Those in the western part of the Inland Empire also have the choice of going to Ontario Center Ice Arena, which is home to the Ontario Avalanche, The California Wave Hockey Club and the All Year Figure Skating Club. Most notably, Center Ice offers a comprehensive skating school for both youth and adults that covers a variety of ice skating activities from hockey to figure skating to ice dancing and all of the skating fundamentals in between. Like other rinks, Ontario Ice offers birthday party packages, broomball games and event rentals. For the hockey enthusiast, there are regular games for both hockey clubs that play out of Ontario Ice during their seasons, and for casual hockey players, the rink offers pickup games early on Friday afternoons.

 

Ice Castle

For the resident of the Inland Empire’s more mountainous regions, Ice Castle International Training Center is going to be your summertime winter wonderland. Featuring quite the ensemble world renowned coaching staff, Ice Castle offers a plethora of skating classes for all ages and skill levels, and also seems like the place to go for the more ambitious skater. In addition to regular classes, Ice Castle offers a deluxe Performance Training Summer Camp that includes meals, lodging, daily ice sessions and group lessons, nighttime activities and iced dancing and jump classes. While a majority of Ice Castle’s offerings might be more focused on the more serious, aspiring professional skater, the rink also offers birthday party packages, broomball games and private event rentals to cover any type of ice rink need or activity.

 

Icetown Riverside

Lastly, for the more centrally located Inland Empire-er, the LA Kings’ Icetown Riverside is your closest option. Like many of the other facilities, Icetown offers an array of hockey and figure skating lessons and classes for all range of age and ability. However, most distinctively, Icetown offers free one-time only “try-it” classes for absolute beginners attempting to decide if either figure skating or hockey is the activity for them. Icetown also offers summer camps for hockey and figure skating, as well as hosting auditions and playing home to the LA King’s Ice Crew who perform at Kings games and charity events. The most unique and interesting feature of Icetown is their Sled Hockey program. The program is specially geared toward disabled athletes and allows people who might not be physically able to get up on a pair of regular skates, the ability to still learn and enjoy the sport of hockey. The program is for ages five and up, with a weekly ice session and the sign up cost includes sleds, sticks and protective gear rental.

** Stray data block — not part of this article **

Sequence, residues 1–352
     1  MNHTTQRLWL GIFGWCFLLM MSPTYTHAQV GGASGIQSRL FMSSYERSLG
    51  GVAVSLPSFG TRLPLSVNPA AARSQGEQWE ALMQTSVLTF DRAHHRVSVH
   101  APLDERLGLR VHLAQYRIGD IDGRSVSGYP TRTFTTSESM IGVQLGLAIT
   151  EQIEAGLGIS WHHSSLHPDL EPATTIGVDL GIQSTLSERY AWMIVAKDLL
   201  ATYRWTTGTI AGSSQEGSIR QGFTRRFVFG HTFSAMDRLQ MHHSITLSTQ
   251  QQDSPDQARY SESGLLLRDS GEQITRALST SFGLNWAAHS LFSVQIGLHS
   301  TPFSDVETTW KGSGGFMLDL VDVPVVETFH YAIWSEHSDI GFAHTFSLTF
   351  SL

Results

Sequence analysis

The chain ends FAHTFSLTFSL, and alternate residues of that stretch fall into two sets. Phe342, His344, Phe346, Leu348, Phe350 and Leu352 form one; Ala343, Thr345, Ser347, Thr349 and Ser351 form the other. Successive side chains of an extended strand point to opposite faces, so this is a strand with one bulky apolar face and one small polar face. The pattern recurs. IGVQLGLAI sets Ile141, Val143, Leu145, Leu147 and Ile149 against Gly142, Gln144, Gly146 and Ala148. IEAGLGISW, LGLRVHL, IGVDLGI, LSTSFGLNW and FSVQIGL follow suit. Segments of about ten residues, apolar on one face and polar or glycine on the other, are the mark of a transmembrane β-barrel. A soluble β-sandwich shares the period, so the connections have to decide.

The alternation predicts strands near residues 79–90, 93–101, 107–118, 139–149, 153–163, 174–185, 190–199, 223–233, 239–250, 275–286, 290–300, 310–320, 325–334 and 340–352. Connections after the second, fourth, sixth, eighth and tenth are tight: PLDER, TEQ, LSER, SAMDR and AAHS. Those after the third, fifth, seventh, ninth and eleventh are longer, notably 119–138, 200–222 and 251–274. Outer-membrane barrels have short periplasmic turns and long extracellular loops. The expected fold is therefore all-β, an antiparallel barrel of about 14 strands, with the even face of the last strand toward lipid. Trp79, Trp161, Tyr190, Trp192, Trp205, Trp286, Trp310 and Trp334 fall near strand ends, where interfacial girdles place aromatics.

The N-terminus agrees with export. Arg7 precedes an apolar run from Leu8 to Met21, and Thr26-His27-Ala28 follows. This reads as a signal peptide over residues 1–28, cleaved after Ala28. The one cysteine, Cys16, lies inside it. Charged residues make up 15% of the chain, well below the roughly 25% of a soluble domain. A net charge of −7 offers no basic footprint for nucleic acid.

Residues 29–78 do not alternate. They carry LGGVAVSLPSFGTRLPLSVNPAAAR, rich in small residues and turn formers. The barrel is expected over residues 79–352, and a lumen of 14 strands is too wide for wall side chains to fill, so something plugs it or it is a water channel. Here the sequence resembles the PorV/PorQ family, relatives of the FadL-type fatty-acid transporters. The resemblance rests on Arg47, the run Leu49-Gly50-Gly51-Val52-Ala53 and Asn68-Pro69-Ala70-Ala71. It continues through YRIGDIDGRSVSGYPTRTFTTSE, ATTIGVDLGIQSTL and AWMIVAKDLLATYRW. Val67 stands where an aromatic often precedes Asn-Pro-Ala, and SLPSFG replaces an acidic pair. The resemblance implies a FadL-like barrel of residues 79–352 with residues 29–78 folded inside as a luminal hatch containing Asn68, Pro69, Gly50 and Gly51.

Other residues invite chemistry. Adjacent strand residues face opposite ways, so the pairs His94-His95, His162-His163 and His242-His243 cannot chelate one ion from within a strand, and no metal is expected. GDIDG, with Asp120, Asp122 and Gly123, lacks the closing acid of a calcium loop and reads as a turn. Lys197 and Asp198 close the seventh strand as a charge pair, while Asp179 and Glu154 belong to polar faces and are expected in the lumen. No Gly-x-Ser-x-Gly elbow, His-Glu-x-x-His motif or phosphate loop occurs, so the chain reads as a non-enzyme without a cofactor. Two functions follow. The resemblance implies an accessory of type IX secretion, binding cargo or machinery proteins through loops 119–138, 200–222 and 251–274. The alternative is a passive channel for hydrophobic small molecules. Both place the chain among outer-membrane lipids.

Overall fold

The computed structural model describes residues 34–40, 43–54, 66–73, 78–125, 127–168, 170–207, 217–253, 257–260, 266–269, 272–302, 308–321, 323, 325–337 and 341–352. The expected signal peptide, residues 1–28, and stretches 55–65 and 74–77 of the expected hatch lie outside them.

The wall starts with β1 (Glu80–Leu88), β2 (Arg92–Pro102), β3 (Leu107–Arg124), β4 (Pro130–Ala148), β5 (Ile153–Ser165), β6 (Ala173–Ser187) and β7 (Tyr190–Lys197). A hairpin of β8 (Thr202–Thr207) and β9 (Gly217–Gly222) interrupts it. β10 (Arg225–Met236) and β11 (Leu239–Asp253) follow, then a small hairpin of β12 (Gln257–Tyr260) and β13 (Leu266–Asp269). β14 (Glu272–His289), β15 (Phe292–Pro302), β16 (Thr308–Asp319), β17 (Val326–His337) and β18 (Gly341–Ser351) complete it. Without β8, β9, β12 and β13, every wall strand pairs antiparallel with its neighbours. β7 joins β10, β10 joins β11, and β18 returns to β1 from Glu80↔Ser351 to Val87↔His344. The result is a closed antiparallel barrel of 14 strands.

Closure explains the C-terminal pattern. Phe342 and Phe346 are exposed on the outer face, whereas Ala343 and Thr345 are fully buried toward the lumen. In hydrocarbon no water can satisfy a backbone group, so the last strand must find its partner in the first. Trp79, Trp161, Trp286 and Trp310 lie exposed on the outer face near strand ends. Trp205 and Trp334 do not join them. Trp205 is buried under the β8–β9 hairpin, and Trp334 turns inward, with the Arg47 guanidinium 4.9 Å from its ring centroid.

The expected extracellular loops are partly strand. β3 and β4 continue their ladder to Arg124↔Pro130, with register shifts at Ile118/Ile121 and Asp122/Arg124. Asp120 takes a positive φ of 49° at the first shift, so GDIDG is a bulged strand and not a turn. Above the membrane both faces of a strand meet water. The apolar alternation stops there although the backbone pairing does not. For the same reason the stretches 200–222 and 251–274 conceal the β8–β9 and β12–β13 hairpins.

Alternative Cool-Downs

So have no fear residents of the expansive Inland Empire, literally, wherever you live, you are in reasonable proximity to large arenas full of icy, frozen goodness. Even if you have no intention of actually skating, just sitting in the bleachers of one of these places will have you basking in the frigid, temperature controlled, refreshment. However, if the ice rinks, the malls, or the museums, are still a bit too far of a drive and you need cooling suggestions for your home without air conditioning, here are a few.

First, a bag of ice hanging in front of a fan, or even better, several bags of ice in front of several fans can go a long way. Second, cold cans of beer (or soda) wedged between you and the chair that you’re sitting in is one of the most effective means of cooling down. If one is feeling particularly ambitious, try buying two twelve-packs so that you can effective rotate fresh ones in as the others are consumed or begin to warm up. Third, even if you’re an adult, investing in a kiddie pool can be a real life saver. Then you need only find a shady tree to keep it under and just add ice until it reaches an appropriate temperature. A word of caution though, if you plan on leaving it unsupervised while filled with water, put a 2×4 in it and position it as a small ramp leading out of the pool. That way you can ensure that you’re summer time sanctuary doesn’t become the gruesome seen of mass squirrel or other little critter death when they accidentally fall in trying to quench their thirst. Lastly, if you have blankets and duct tape, building a little tent in front of your refrigerator door is always an option. Although the fridge door method should be used sparingly to prevent the premature refrigerator motor burn out. However, if you do own an air conditioner, consider yourself lucky and enjoy your sky rocketing electricity bills and comfortable climate situation. For everyone else, good luck this summer and keep cool on those unimaginably hot days.